In the news: The Chicago Tribune reports that it’s Chinatown community is countering the negative effects of urban gentrification on ethnic neighborhoods by welcoming and supporting new Chinese immigrants. The Washington Post provides historical and cultural context to a recent law passed by Congress, which updates names used in legislation to remove antiquated racist terminology. And NBC News features a social media campaign to coincide with the Asian Pacific American Heritage Month and the election campaign this year: Asian American and Pacific Islander legislators are being featured in political videos produced by the Democratic National Committee.
News Reports (May 13, 2016):
- [Chicago Tribune] Here’s why Chicago’s Chinatown is booming, even as others across the U.S. fade: “At a time when traditional urban Chinatowns in Manhattan, San Francisco, Boston and Philadelphia are fading due to gentrification and changing cultural landscapes, Chicago’s Chinatown is growing larger — becoming what experts say could be a model for Chinatown survival in the U.S. “ Read more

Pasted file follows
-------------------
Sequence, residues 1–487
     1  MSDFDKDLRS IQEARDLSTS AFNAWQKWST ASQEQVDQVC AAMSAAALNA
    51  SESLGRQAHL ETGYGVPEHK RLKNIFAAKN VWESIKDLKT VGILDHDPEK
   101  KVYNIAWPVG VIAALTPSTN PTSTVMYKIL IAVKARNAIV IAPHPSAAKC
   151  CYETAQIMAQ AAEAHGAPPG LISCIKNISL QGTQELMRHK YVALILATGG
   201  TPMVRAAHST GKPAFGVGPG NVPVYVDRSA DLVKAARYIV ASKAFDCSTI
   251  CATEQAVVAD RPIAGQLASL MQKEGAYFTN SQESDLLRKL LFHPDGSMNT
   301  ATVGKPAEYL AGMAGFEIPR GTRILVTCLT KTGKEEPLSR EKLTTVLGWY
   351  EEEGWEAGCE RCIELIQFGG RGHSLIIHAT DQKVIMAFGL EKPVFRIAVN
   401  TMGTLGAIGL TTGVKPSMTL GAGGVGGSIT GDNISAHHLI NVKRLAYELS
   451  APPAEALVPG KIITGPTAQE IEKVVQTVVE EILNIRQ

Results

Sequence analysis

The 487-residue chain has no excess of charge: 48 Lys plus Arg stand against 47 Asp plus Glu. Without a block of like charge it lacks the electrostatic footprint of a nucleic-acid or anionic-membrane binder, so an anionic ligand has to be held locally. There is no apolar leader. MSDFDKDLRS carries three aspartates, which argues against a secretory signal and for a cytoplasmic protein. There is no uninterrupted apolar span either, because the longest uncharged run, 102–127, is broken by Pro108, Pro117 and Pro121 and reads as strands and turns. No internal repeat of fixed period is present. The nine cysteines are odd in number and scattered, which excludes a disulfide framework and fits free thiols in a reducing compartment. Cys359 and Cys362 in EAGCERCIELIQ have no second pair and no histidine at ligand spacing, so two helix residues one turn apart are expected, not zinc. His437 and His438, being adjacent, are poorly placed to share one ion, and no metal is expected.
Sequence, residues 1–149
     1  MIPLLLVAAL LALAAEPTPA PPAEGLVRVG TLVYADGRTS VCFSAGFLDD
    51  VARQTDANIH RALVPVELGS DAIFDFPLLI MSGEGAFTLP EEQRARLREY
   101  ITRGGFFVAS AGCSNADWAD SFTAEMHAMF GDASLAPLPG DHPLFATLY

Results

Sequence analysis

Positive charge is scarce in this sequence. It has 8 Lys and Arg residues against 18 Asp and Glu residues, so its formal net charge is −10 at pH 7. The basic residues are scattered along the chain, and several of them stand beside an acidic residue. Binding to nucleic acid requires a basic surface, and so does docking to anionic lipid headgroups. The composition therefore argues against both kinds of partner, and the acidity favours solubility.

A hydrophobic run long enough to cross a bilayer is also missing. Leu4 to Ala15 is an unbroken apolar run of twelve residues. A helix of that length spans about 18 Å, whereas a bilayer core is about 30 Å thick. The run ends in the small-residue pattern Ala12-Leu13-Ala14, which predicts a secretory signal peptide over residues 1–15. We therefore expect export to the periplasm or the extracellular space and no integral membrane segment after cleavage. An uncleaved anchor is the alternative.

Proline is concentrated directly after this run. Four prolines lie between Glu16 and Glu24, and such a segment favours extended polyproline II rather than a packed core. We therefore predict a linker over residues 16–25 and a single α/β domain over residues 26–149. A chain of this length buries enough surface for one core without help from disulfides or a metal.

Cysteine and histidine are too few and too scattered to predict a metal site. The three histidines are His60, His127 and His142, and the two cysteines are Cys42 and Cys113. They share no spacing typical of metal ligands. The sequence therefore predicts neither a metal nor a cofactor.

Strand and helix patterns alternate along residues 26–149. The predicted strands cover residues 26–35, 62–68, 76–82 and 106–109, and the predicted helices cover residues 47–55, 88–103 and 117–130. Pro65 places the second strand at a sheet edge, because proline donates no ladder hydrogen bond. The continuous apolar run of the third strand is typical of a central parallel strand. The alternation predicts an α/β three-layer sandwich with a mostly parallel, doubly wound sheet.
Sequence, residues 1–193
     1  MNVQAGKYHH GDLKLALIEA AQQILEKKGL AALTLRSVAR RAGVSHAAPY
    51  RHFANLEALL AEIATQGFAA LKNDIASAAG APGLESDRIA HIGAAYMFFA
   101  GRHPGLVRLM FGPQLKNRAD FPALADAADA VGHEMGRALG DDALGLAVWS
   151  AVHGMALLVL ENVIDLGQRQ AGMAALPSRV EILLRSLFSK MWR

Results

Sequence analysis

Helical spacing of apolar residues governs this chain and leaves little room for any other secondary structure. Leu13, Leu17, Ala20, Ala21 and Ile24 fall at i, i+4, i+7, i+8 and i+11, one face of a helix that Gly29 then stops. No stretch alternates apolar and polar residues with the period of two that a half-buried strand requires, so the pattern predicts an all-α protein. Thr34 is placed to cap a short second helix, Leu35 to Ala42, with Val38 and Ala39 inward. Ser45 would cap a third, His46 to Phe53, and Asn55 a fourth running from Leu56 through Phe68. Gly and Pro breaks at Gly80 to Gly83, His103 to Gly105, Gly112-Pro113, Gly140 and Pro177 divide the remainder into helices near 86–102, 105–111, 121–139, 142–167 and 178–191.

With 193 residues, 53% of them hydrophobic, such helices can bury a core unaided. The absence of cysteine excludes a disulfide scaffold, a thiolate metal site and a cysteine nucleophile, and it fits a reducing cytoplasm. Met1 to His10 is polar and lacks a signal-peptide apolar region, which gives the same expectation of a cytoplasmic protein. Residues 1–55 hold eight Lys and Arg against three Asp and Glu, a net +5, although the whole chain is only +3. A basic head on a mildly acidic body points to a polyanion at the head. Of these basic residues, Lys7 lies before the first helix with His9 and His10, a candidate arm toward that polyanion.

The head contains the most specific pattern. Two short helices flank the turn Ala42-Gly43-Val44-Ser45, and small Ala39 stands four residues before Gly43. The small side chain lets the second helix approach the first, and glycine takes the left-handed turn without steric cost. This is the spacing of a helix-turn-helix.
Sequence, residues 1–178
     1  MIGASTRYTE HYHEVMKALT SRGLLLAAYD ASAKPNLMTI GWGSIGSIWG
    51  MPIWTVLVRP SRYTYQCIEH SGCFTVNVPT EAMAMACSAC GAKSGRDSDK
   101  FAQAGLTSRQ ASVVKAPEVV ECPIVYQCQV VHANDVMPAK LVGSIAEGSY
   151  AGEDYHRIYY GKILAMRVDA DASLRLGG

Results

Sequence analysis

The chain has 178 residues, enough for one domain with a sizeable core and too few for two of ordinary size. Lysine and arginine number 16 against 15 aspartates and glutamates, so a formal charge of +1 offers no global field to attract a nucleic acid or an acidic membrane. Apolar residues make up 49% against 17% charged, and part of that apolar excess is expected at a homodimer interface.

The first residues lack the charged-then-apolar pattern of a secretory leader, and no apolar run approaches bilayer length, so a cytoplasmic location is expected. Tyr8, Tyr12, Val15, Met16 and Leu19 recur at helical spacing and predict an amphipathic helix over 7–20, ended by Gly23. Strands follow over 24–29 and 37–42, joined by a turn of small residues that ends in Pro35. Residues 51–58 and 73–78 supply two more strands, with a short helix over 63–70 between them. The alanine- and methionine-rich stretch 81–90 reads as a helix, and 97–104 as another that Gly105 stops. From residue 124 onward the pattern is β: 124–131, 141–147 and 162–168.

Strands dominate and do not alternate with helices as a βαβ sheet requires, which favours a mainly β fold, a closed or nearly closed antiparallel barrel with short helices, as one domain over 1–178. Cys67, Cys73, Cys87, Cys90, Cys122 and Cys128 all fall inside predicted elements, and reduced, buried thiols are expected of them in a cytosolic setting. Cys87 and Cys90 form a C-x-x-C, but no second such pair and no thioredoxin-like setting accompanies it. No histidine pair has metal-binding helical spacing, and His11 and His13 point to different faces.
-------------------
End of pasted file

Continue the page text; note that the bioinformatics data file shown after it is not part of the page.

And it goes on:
- [Washington Post] The long history and slow death of a word once used to describe everyone and everything from Egypt to China as well as rugs: “Congress completed legislation this week that amends the vocabulary in two acts, replacing “Negroes, Spanish-speaking, Orientals, Indians, Eskimos, and Aleuts” with “Asian American, Native Hawaiian, Pacific Islanders, African American, Hispanic, Native American, or Alaska Natives.” The bill now goes to the president for his signature.” Read more
- [NBC News] DNC Launches Video Series Highlighting Asian-American Members of Congress: “The series will highlight the stories of prominent members of Congress, including Doris Matsui, Judy Chu, Mark Takano, Mazie Hirono, Tammy Duckworth, Mike Honda, Mark Takai, and Ami Bera.” Read more
Photo credit: “Corner, Chinatown-International District, Seattle” by Ador Pereda Yano 2016 (licensed under a Creative Commons Attribution 4.0 International License.)